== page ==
Plastic pollution research

Consequences of plastic pollution - and removal

In a new research project NORCE, The University of Bergen (UiB) and voluntary organizations are collaborating to find out how plastic pollution affects landscapes along the coast - and what happens when the plastic is removed.

Lisle Lyngøyna
From August 9th to 13th, researchers and students was conducting fieldwork at Lisle Lyngøyna. The small island outside of Bergen is known for its vast amount of plastic pollution.
Veronica Helle, NORCE

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The purpose of the NORCE-led project centered around the "plastic island" Lisle Lyngøyna outside of Bergen, is to investigate how plastic pollution affects the ecosystem. Furthermore, the researchers will study consequences of abrupt removal of the plastic.

Plastic changes the landscape

From August 9th to 13th, researchers, students and volunteers gathered on a fieldwork at Lisle Lyngøyna, which for decades has been a hotspot for huge amounts of plastic waste. Through the years plastic has changed the landscape and ecosystem, for example when soil builds up around plastic rubbish, or by plastic blocking the flow of water.

- But what happens if this plastic is removed? One suddenly changes an ecosystem that has built up over several decades, says Marte Haave who is a researcher at NORCE and Associate Professor at the Department of Chemistry, UiB.

Creating knowledge

- A main question is whether it is best for the ecosystem that you remove the plastic - or whether you should leave it and rather take care of the surrounding nature, Haave says.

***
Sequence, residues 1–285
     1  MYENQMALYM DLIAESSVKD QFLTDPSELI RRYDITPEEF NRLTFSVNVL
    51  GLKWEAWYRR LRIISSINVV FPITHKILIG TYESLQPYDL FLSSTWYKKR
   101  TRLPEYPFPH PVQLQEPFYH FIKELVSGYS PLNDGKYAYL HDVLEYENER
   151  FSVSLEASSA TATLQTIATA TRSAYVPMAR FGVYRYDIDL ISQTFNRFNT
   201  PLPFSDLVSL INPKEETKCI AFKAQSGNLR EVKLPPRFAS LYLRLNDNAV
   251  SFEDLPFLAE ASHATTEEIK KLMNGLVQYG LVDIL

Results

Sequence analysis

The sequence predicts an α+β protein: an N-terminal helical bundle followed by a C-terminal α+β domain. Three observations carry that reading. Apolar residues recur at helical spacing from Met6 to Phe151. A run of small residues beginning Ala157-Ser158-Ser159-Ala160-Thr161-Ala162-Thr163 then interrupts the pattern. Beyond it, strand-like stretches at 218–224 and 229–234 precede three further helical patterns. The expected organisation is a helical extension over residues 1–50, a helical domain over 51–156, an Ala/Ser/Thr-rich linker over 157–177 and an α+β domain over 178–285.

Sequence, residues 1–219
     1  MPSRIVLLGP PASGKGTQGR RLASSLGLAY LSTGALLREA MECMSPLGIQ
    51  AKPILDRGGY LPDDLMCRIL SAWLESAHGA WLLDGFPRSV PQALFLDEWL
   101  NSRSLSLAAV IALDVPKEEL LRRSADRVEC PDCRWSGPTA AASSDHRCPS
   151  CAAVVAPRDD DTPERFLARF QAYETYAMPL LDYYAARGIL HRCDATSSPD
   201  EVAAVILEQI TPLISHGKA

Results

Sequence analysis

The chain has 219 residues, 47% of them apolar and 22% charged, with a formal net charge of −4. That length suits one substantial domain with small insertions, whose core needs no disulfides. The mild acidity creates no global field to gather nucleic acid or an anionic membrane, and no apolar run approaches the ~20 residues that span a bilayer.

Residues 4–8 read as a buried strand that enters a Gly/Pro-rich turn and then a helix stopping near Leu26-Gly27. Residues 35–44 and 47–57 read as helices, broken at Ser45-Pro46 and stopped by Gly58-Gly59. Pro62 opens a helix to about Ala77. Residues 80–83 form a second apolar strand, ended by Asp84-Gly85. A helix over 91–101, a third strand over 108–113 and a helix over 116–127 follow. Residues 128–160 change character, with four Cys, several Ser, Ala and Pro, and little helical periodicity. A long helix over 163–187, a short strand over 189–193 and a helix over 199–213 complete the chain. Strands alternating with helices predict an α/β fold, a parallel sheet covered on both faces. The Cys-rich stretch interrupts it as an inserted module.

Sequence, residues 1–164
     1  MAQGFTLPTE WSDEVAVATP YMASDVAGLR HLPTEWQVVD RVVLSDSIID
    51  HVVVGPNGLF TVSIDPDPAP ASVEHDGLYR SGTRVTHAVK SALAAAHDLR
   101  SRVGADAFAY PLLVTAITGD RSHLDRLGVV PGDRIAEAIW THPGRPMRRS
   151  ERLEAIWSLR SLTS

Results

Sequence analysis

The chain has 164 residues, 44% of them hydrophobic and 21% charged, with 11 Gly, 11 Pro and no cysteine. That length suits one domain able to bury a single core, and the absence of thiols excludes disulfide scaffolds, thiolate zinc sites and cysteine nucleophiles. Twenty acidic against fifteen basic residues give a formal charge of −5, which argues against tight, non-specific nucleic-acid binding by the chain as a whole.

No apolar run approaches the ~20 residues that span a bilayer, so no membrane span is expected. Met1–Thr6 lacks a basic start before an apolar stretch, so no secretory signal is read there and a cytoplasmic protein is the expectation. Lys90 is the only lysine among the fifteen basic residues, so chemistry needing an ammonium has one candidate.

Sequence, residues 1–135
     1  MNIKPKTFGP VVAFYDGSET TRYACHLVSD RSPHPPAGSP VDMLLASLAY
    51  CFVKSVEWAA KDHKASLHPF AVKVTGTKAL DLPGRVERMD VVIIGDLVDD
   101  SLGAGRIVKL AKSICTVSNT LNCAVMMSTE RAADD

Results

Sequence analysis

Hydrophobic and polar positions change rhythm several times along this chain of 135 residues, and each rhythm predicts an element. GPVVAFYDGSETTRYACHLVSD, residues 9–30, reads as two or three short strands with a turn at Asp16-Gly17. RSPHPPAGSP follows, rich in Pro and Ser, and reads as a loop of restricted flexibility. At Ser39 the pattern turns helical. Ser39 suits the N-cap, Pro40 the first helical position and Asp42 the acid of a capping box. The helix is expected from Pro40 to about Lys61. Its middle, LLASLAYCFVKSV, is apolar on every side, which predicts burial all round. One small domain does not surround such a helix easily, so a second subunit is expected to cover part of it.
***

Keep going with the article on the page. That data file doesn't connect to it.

To find the answer, the research group will, among other things, look at whether plastic pollution damages microorganisms, plant life, insects and animals - and whether the ecosystem is damaged when the plastic is abruptly removed again.

There are currently no guidelines for handling soil contaminated by plastic pollution. Among other things, the project will create knowledge that can contribute to creating such guidelines.

Plastic cleaning

The results will also be helpful in creating guidelines for how to clean up polluted beaches and bays in the best and most gentle way possible.

- It is good that people get involved in picking up plastic that lies on the surface, but what about plastic that has grown stuck in the ground, or is covered with soil? With this project, we will find answers to whether the plastic should be removed by force or with heavy machinery, or whether in these cases it is best to leave it, says Haave.

Microplastics and plants

Associate Professor Gidske Leknæs Andersen at the Department of Geography, UiB, is a participant in the project. She will investigate how the vegetation and selected plant species are affected by plastic pollution, both in the field and under controlled conditions.

She will also study the development after the soil have been cleared; to see if there are differences in growth and species composition between plants that grow in "clean" soil and in soil with a lot of microplastic.

- It is only recently that one has begun to look at the effects of microplastics in soil and on the surface, says Andersen.

- What could be the significance of this research?

- Lisle Lyngøyna is a unique “field laboratory” that connects the marine, aquatic and terrestrial environment. In the project we will study the entire ecosystem and the coastal landscape it is a part of. We will follow up the area over time and look closely at the consequences of plastic removal. In this way, we want to contribute to better management of our vulnerable coast and to the cleaning of natural environments that are polluted by plastic, says Andersen.